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Gay Pride Parade in Holy Jerusalem

July 31, 2013 | Al-Monitor


JERUSALEM - In a sparkling, beaded black dress and stilettos, 30-year-old "Gallina Port des Bras" bid welcome from the stage of "Mikveh" — the self-proclaimed "one and only lesbian, gay, bisexual, transgender (LGBT) and straight-friendly club in Jerusalem." Smacking her strawberry red lips and flipping her long blond wig, Port des Bras — whose offstage name is Gil Naveh — told Al-Monitor that though Jerusalem has bred the country’s most famous drag queens, the city is no easy place to be a drag queen, or for that matter gay.

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Israeli Wall Creates Limbo for Seam Zone Palestinians

July 2, 2013 | Al-Monitor

The land between the 1967 armistice line, the so-called Green Line, and the separation barrier being built by Israel in and around the West Bank is referred to as the seam zone. Many of the Palestinians living there hold West Bank ID cards, but their homes are on the western, or "Israeli side," of the barrier. While some have received Jerusalem identification cards allowing them to stay in their homes and move freely in Israel and the West Bank, others have only the West Bank permit, making them technically illegal in their own homes.

Two such people are Ruqayya and her mother Kefayah. When the wall was built through the village of Hizma, north of Jerusalem, their family’s three houses were separated from the rest of the village. 

“We are stuck here. We live disconnected from the world because no one can visit [our homes] without getting a permit to cross the checkpoint,” Kefayah told Al-Monitor at her daughter’s house. She added that when she had to go to the hospital urgently last year, she had to be carried to the Hizma checkpoint because Palestinian cars and ambulances are not allowed in the seam zone.

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Gaza Women Raise Voices Online

June 18, 2013 | Al-Monitor

Female activists in Gaza have turned to social media to air their thoughts, but on-the-ground activism is still constrained by a largely male-dominated society.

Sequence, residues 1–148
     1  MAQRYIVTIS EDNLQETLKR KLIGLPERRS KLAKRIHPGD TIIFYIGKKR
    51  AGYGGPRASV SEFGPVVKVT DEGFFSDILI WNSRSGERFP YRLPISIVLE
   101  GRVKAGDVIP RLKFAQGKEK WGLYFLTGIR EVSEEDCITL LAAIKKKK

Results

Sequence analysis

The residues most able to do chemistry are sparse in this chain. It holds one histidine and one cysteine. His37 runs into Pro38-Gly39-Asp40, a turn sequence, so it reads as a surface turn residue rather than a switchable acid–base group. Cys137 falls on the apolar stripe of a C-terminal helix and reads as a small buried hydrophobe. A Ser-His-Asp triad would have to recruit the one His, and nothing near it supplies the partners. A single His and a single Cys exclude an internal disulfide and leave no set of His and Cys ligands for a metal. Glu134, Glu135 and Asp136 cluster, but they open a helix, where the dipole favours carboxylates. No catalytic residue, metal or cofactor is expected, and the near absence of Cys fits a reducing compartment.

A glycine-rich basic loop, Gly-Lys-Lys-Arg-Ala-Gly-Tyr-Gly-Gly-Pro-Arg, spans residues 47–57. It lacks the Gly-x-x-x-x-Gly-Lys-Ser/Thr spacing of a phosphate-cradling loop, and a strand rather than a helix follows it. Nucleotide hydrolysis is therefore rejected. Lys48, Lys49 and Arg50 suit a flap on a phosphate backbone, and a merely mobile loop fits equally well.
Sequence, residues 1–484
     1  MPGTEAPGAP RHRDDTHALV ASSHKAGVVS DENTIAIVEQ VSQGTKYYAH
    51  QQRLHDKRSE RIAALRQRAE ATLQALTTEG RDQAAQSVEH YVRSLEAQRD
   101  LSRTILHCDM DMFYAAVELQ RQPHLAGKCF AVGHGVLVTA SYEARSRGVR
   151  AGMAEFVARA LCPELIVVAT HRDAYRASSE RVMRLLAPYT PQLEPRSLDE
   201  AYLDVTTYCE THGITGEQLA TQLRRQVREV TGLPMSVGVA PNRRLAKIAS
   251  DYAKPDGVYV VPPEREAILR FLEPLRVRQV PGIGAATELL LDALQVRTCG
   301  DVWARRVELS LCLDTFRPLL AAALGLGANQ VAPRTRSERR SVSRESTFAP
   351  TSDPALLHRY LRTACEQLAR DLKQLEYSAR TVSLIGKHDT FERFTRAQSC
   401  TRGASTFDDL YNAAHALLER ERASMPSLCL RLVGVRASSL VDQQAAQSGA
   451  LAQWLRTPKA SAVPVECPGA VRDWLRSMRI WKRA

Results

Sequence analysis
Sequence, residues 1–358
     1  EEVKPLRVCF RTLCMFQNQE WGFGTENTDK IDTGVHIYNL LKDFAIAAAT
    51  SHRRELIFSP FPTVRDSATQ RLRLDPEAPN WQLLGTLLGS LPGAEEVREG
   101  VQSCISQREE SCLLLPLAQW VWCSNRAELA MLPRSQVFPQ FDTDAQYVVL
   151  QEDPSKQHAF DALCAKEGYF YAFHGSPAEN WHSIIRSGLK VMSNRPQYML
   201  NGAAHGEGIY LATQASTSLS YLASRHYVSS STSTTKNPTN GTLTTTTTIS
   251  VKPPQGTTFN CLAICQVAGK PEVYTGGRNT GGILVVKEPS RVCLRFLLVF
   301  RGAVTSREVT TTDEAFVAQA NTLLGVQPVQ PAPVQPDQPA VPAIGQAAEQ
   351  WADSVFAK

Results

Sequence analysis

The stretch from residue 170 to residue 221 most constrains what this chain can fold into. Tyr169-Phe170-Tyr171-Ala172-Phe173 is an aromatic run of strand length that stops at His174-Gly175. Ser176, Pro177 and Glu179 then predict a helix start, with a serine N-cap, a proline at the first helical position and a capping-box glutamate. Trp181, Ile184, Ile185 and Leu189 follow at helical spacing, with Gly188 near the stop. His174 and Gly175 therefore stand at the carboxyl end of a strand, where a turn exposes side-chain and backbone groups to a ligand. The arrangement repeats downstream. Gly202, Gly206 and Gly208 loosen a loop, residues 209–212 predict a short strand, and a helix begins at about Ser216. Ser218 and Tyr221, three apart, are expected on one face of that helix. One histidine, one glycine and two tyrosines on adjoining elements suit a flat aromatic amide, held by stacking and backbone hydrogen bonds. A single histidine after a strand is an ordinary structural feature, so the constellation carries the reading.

Sitting in an armchair with her feet tugged up under her and a laptop in front of her, blogger Malaka Mohammed typed 140 characters and clicked "tweet." She scrolled through the most recent tweets, then went to her blog where she reviewed a post she is working on before moving on to her Facebook page, checking recent comments from her more than 5,000 followers. The 22-year-old recent English literature graduate is one of Gaza’s most prominent online activists.

"I started with Facebook, because there is no house here without Facebook. Then, a teacher told me I should start a blog because I’m a good writer. I now have thousands of readers,” Mohammed told Al-Monitor at her home in Al-Shejaia in Gaza. "Whenever I write, reply or share I always think of the result and effect. The Palestinian issue is important. When you write something as a Palestinian, the entire world will think of you as representing Palestinian women."

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Gaza Rappers Persevere Despite Hamas Ban

May 20, 2013 | Al-Monitor

The Gazan hip-hop group Palestinian Unit has been traveling across Europe, performing for a growing fan base. Although their popularity is on the rise in Spain, France and Denmark, in Gaza they are banned. According to one of the group’s members, rapper Ayman Jamal Mghames, the official excuse of the Hamas-led government is that hip-hop is too “Western.” He has no doubt, however, that it is the messages in the group's songs that the authorities find problematic.

“We are political rappers. We talk about our daily life, and since we live a daily political life, political issues are part of our music,” Mghames told Al-Monitor in Gaza City. “We criticize the government’s actions, whether here or in the West Bank. We disagree with most of the politicians’ actions, not forgetting to mention the Israeli occupation.”

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Gaza As Seen Through the Lenses Of Gaza's Cameras

May 3, 2013 | Al Monitor

The Palestine Photo-Marathon gives Gaza photographers "a chance to show how they see Palestine

Thousands of journalists and photographers from all over the world have tried to capture Gaza over the years — often showing images of war such as militants, rockets and injured or dead people. But on Wednesday, May 1, the people of Gaza got a chance to portray what Gaza looks like through their own eyes.

Around 50 Gaza men and women — mainly youths — participated in the Palestine Photo-Marathon, a photo competition arranged by Danish House in Palestine.

Looking through the lens of her digital single-lens reflex camera, 16-year-old Asmaa Alkhaldi saw birds in cages, piles of coal, shops abounding with fruits and vegetables and a horse pulling a carriage. She was standing at the entrance to the old market in Gaza City trying to capture a good scene. Alkhaldi was the first of 150 people who had signed up for the competition, which also took place in Ramallah and Nablus in the West Bank as well as in Jerusalem.

“I love to compete with others and I want to win,” she confidently told Al-Monitor, explaining that she uses photography as a way of expressing her feelings and particularly likes taking pictures of everyday street life.